New research into the effects of common parasite infection on human behavior could aid in the development of treatments for schizophrenia and other neurological disorders. T. gondii currently infects 2.5 billion people worldwide, causing Toxoplasmosis.
Scientists believe that changes in behavior in those infected with T. gondii, which infects 2.5 billion people worldwide and causes the disease Toxoplasmosis, could be linked to lower levels of norepinephrine, a chemical released in the brain as part of the stress response. Norepinephrine also regulates neuroinflammation, which is the activation of the brain’s immune system in response to infection.
Neuropsychological disorders such as schizophrenia, Alzheimer’s disease, and ADHD have been linked to norepinephrine and neuroinflammation. Although T. gondii infection is usually asymptomatic in humans, it can cause headaches, confusion, and seizures in others, as well as increased susceptibility to schizophrenia – and can be fatal in immunocompromised patients.
New research into how a common parasite infection alters human behavior could help the development of treatments for schizophrenia and other neurological disorders.
Lower levels of norepinephrine may be linked to behavioral changes in those infected with T.gondii. Norepinephrine also has anti-inflammatory properties. Neuroinflammation and norepinephrine have both been linked to a variety of psychiatric disorders, including schizophrenia and ADHD.
T. gondii can only reproduce sexually in cats. It produces cysts, which are excreted in the cat’s feces. It enters new hosts through ingestion of anything contaminated by these cysts, such as water, soil, or vegetables; blood transfusions from unpasteurized goat’s milk; eating raw or undercooked meat; or transmission from mother to fetus.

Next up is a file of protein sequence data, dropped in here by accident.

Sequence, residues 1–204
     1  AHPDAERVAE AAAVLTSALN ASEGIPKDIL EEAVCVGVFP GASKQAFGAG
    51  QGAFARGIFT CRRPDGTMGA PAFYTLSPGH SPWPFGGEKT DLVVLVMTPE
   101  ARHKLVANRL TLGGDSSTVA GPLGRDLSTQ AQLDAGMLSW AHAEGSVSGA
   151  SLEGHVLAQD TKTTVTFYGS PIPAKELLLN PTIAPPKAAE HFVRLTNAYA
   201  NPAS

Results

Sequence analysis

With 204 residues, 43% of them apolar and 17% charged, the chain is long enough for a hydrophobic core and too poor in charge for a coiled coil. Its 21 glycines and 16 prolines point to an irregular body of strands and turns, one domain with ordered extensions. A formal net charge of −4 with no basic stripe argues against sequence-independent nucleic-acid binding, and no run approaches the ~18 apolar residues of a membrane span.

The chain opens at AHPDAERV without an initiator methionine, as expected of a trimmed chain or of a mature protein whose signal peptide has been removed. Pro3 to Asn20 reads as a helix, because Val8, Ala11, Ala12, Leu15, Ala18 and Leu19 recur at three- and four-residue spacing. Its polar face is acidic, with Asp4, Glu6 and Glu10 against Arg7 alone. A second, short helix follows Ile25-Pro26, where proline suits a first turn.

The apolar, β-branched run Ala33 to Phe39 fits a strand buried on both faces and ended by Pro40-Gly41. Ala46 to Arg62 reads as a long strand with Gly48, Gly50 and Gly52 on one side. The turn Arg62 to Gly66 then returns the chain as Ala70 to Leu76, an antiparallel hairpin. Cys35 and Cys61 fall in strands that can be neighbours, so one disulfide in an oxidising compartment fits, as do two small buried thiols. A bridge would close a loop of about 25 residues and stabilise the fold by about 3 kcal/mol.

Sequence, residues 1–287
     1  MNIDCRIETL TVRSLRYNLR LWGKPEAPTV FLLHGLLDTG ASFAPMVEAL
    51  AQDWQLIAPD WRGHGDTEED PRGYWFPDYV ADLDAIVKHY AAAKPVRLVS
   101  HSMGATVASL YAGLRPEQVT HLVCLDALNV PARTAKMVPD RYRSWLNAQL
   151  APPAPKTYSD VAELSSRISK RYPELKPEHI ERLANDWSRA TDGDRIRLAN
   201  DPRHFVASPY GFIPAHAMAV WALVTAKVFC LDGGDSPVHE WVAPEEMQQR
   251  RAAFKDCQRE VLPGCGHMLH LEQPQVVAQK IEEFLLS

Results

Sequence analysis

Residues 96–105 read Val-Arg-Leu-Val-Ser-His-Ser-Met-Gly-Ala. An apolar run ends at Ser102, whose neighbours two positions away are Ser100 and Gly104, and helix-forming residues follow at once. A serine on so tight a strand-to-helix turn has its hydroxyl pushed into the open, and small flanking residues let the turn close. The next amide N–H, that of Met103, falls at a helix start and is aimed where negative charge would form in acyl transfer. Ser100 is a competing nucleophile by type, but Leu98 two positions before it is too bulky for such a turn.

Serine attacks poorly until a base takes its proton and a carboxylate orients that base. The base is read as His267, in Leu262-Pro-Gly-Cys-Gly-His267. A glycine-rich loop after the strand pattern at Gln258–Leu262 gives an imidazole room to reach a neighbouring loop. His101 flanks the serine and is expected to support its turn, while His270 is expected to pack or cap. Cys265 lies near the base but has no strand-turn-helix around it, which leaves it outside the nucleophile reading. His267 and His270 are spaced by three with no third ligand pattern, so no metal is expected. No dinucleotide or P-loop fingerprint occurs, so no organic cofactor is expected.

After a few weeks, the infection goes dormant, and cysts form in the brain. They can stay there for many years, if not forever. Infection reduces the brain’s immune response regulator norepinephrine during this stage.
The mechanisms by which the parasite affects brain function are still unknown. However, new research from the Universities of Leeds and Toulouse suggests that the parasite’s ability to reduce norepinephrine disrupts control of immune system activation, allowing for an overactive immune response that may alter the host’s cognitive states.
It is a matter of convenience to distinguish parasitic diseases from other infections and tropical medical disorders based on microbiological classification. Organic brain syndromes are linked to both protozoan and helminthic infections; the side effects of drugs commonly used to treat parasites can impair mood and cause anxiety, agitation, or psychosis. Emotional states can, in turn, influence how a person experiences medical illness.
The findings were published in Trends in Immunology as Noradrenergic Signaling and Neuroinflammation Crosstalk Regulates Toxoplasma gondii-Induced Behavioral Changes.
Glenn McConkey, Associate Professor of Heredity, Disease, and Development at the University of Leeds’ School of Biology, who led the study, stated: “Our discovery bridges the gap between two opposing theories about how Toxoplasma alters host behavior, and it may be applicable to other nervous system infections. One school of thought believes that changes in behavior are caused by the immune response to infection, while the other believes that changes are caused by altered neurotransmitters.”
Many factors, both genetic and environmental, have been blamed for increasing the risk of a schizophrenia diagnosis. Some are widely accepted, such as a family history of schizophrenia. Others, such as infection with Toxoplasma gondii, a parasite spread by soil, undercooked meat, and cat feces, are still viewed skeptically. A new study used epidemiological modeling to determine the proportion of schizophrenia cases that could be attributed to T. gondii infection. According to the findings, the parasite may be present in one-fifth of the cases.
“This research will help to fill a critical gap in understanding how brain inflammation affects cognition, which is critical for the future development of antipsychotic treatments.”